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Changes in temperature, precipitation and sunshine

The mean temperature in Switzerland has risen significantly in all regions since pre-industrial times as a direct result of global warming. The largest increases are apparent in the winter months in the Swiss plateau, and during the summer months in the Alps. Mean precipitation shows no clear change, except for an increase in the northeastern Swiss plateau. Sunshine duration decreased from 1960 onwards, reaching its lowest point around 1980, and has since increased again substantially.


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Long-term data series for temperature, precipitation and sunshine duration are available at MeteoSwiss. For several locations, these date back as far as 1864 (Swiss National Basic Climatological Network). These long-term data series are extremely valuable for understanding climate change both in the past and the present. To ensure that man-made changes such as station relocations or the use of new measuring instruments do not have a confounding influence on the results, the measurement data are extensively checked for measurement errors and temporal homogeneity before being analysed.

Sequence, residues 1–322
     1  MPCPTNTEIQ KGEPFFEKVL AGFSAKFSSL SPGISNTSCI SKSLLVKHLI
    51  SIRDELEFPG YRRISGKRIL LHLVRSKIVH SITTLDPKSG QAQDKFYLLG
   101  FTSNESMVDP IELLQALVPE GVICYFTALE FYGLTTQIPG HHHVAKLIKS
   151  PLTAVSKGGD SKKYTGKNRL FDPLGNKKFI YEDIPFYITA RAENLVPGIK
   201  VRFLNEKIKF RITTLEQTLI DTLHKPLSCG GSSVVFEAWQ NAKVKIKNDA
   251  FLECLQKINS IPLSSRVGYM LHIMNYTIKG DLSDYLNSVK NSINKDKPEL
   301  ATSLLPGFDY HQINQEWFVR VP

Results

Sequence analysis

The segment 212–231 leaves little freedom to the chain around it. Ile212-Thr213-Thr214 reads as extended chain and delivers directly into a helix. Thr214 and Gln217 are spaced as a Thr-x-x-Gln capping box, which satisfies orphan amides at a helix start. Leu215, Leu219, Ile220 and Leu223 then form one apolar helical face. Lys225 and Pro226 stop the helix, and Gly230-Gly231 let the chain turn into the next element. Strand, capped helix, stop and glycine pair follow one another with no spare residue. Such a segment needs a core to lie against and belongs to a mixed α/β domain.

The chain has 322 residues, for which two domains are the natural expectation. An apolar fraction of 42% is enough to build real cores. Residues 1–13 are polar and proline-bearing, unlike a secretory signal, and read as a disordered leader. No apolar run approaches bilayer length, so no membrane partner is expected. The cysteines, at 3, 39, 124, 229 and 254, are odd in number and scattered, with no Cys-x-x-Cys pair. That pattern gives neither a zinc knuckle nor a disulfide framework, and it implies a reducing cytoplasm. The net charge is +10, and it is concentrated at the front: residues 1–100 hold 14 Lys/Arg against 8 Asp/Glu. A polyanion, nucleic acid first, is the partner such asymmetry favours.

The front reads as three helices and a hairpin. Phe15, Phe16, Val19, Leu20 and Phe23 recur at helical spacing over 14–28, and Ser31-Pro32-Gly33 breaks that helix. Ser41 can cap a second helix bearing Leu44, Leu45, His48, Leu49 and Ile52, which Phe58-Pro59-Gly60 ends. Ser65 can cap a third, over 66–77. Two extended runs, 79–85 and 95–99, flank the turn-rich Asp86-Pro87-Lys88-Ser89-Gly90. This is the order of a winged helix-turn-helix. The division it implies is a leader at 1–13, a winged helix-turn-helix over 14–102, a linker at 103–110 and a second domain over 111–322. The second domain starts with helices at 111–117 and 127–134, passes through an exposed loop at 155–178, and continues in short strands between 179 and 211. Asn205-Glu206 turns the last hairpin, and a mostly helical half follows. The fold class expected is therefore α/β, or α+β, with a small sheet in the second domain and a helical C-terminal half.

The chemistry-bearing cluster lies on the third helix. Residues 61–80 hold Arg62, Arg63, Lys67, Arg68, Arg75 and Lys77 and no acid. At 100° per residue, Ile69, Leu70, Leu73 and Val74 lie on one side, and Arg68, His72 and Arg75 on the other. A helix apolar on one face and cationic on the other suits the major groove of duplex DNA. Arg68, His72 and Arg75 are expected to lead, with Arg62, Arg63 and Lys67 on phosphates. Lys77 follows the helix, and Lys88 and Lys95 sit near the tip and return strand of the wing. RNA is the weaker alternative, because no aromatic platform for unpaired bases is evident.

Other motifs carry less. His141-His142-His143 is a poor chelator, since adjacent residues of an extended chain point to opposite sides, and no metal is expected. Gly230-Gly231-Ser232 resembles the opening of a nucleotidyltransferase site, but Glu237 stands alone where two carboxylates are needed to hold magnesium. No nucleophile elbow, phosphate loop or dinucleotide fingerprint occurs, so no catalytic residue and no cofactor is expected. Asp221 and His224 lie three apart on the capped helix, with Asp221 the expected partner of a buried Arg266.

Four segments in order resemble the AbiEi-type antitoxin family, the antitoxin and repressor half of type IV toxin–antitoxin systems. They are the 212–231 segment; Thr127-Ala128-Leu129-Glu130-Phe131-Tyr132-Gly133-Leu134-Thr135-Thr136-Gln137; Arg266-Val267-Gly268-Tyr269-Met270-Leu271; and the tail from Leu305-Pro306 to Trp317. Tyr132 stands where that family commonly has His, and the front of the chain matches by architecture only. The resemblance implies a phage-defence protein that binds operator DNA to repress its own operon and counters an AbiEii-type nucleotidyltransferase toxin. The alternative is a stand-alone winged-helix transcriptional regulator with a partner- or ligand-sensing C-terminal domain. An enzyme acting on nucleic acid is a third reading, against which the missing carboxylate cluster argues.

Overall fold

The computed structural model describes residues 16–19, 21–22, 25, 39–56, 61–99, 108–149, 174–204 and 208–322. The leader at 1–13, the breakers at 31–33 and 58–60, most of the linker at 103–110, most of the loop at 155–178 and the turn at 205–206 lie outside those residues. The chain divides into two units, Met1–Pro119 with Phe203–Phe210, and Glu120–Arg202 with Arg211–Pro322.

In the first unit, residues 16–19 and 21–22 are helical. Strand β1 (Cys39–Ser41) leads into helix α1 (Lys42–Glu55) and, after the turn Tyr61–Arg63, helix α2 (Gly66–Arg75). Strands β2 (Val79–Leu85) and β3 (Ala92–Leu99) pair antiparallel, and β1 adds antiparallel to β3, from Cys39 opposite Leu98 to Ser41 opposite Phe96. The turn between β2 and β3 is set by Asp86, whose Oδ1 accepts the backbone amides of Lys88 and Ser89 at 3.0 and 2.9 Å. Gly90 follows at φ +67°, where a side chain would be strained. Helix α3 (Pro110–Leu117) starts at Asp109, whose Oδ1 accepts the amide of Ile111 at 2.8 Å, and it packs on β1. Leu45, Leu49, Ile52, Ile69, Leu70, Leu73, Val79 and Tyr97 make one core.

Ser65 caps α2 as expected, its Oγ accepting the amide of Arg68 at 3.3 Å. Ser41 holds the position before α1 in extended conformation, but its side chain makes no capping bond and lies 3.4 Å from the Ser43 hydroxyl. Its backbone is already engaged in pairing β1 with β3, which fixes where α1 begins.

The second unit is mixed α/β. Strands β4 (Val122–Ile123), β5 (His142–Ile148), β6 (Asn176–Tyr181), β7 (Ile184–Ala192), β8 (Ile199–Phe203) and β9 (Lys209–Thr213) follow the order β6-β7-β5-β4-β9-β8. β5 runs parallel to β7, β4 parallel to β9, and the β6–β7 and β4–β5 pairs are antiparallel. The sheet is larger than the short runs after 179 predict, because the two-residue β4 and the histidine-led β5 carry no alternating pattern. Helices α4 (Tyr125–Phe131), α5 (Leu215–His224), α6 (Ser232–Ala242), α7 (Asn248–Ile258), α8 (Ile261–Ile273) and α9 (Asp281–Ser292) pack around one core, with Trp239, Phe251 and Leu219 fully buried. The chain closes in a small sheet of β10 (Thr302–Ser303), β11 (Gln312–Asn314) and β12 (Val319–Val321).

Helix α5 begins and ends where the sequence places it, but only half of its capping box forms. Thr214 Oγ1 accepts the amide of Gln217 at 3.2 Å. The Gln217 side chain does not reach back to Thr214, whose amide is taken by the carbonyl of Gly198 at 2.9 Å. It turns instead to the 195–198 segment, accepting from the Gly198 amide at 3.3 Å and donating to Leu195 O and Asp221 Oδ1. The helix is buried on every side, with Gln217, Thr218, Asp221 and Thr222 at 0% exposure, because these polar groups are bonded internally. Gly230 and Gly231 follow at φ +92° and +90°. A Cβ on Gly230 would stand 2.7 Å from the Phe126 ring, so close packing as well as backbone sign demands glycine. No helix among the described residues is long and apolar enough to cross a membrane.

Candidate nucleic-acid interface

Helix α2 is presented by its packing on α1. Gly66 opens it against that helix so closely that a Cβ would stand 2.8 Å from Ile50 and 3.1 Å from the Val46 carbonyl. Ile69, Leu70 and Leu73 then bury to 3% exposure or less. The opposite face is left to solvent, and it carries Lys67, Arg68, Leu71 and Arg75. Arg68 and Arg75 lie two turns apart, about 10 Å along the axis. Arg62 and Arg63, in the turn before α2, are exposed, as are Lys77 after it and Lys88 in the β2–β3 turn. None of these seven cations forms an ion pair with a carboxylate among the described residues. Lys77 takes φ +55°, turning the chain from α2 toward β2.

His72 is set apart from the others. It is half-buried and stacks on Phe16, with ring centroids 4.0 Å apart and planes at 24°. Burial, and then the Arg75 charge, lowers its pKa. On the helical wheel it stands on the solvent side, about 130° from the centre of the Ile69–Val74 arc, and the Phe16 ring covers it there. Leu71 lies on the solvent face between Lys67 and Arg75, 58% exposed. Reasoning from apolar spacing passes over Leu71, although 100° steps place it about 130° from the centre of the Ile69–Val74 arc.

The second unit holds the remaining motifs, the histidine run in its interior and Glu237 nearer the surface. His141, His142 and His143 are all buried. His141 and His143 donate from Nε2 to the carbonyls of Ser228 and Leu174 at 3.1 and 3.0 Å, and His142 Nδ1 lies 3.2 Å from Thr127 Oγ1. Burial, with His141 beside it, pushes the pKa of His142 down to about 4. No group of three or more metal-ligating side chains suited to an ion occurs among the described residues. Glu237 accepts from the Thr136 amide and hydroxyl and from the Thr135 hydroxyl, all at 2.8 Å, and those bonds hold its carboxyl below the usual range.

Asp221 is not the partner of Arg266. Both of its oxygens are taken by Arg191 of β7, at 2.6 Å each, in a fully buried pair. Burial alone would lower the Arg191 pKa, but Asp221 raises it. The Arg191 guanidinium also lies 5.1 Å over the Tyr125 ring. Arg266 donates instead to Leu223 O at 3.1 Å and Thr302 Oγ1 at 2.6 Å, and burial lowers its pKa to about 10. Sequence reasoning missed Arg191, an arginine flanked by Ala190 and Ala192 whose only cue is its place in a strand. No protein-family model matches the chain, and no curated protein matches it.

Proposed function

Statistical methods can be used to derive values from the measurements at the individual stations for any location in Switzerland where there is no measuring station. This makes it possible to create maps displaying the changes in temperature, precipitation and sunshine duration for the whole of Switzerland. In addition, they can be used to calculate mean values for individual areas.

Clear signs of warming in the country as a whole

The annual mean temperature has risen by around 2°C (linear trend) in Switzerland since 1864. This is equivalent to an increase of between 0.08 and 0.15°C per decade. The increase was somewhat greater north of the Alps than in the south. Aside from this, the annual mean values show no major geographical differences in the warming trend. The trend towards warmer temperatures is statistically significant in all parts of the country. According to current global climate research, it is clear that this trend can only be explained in terms of the human contribution to the increase in global greenhouse gas concentrations.

Differing extent of warming depending on the time of year

When the individual seasons are looked at separately, significant regional differences can be seen in terms of warming trends. While the lowlands of central Switzerland saw a steeper rise in temperatures than the mountainous regions in winter, the opposite scenario was true for the summer months. In spring and autumn, all regions warmed to the same extent, with a greater increase in autumn temperatures than in spring in most regions. The warming trends are also statistically significant across the whole of Switzerland when looked at for each season.

In autumn and winter, temperature change has been very consistent since measurements began:

  • Between 1880 and 1890, winter temperatures were at an extremely low level, while autumn temperatures were likewise exceptionally low between 1880 and 1920.